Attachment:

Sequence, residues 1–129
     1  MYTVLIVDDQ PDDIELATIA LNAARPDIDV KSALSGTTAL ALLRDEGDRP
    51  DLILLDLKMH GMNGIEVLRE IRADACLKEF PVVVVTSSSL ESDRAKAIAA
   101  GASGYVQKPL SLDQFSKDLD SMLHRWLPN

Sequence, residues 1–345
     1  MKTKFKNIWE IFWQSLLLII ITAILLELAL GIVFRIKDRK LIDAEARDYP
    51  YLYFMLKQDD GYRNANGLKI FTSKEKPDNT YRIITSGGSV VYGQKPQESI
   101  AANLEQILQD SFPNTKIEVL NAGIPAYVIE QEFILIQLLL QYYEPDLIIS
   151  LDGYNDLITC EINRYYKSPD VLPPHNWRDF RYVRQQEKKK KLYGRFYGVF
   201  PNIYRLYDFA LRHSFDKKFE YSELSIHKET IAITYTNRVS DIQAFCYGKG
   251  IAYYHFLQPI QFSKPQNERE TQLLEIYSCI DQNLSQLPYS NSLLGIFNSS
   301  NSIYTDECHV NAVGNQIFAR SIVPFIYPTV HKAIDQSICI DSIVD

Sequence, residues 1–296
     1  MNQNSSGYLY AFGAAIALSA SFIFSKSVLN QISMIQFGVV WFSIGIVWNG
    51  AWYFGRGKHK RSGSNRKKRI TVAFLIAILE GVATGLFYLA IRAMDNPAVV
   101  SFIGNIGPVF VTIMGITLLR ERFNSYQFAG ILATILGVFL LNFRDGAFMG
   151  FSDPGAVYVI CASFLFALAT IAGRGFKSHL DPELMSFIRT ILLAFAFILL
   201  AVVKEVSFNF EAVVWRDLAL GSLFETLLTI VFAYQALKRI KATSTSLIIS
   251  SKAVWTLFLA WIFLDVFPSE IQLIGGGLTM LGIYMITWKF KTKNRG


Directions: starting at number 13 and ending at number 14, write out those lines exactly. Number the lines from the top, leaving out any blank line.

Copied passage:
Sequence, residues 1–296
     1  MNQNSSGYLY AFGAAIALSA SFIFSKSVLN QISMIQFGVV WFSIGIVWNG